Promote the positives

Field trips, old friends, new classes, sporting events, after-school activities. There’s plenty to get fired up about! Remind your child and the enthusiasm will be contagious. 

Sick of School — Literally 

Nervousness over heading back to class can make kids feel sick. They may complain of stomachaches, headaches, nausea and dizziness, especially on Sunday evenings after feeling well all weekend. If you observe potential symptoms of stress as the start of school approaches, I suggest having a candid conversation with your child. Don’t just accept “fine” if you ask your child, “How are you?” or, “How was your day?” Ask questions that can’t be answered “yes” or “no,” like, “How do you feel about returning to school?” Then, let them talk, and don’t try to fix what they say. 

When anxiety about school “masks” something else

Kids of any age who don’t want to go to school, or who want to avoid it, may be doing so because of a specific issue beyond general anxiety, worry or depression. Children who are bullied or teased often become anxious about going to school, and if the problem is not addressed, the anxiety will continue along with a host of other problems. Similarly, children who are avoiding school may be doing so because school is hard for them.School anxiety often emerges just before a child is diagnosed with a learning difficulty.”

Sanam Hafeez Psy.D
New York State Licensed Neuropsychologist and Director of Comprehend The Mind
Sanam Hafeez Psy.D is a New York City based Neuropsychologist and School Psychologist.  She is also the founder and director of Comprehensive Consultation Psychological Services, P.C. She is currently a teaching faculty member at Columbia University. Click here to see Dr. Hafeez on Dr.Oz:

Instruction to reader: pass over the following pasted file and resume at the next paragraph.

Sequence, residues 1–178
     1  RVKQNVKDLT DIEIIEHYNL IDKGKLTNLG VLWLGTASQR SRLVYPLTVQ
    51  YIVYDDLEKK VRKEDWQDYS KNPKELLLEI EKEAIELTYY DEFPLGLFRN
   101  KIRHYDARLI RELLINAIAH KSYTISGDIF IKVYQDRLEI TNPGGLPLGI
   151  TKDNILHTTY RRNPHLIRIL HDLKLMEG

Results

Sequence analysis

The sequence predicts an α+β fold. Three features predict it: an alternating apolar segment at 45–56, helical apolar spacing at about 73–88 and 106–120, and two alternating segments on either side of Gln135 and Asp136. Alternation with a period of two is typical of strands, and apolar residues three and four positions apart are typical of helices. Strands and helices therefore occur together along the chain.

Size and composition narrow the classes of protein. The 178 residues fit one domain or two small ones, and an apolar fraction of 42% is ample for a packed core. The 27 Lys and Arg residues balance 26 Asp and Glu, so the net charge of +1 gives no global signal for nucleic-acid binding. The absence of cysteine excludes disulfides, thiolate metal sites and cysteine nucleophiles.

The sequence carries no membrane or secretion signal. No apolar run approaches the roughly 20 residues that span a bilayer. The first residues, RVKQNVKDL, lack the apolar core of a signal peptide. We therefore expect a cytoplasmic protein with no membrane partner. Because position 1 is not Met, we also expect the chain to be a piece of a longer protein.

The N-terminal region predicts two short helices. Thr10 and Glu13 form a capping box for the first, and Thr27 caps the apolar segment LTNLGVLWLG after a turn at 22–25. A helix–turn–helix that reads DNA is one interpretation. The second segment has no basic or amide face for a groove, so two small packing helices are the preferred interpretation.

Dr. Hafeez graduated from Queens College, CUNY with a BA in psychology. She then went on to earn her Master of Science in Psychology at Hofstra University. Following that she stayed at Hofstra to receive her Doctor of Psychology (Psy.D.) She later completed her post-doctoral training in Neuropsychology and Developmental Pediatrics at Coney Island Hospital.
Dr. Hafeez’s provides neuropsychological educational and developmental evaluations in her practice. She also works with children and adults who suffer from post traumatic stress disorder (PTSD), learning disabilities, autism, attention and memory problems, trauma and brain injury, abuse, childhood development and psychopathology (bipolar, schizophrenia, depression, anxiety, etc…) In addition, Dr. Hafeez serves as a medical expert and expert witness by providing full evaluations and witness testimony to law firms and courts.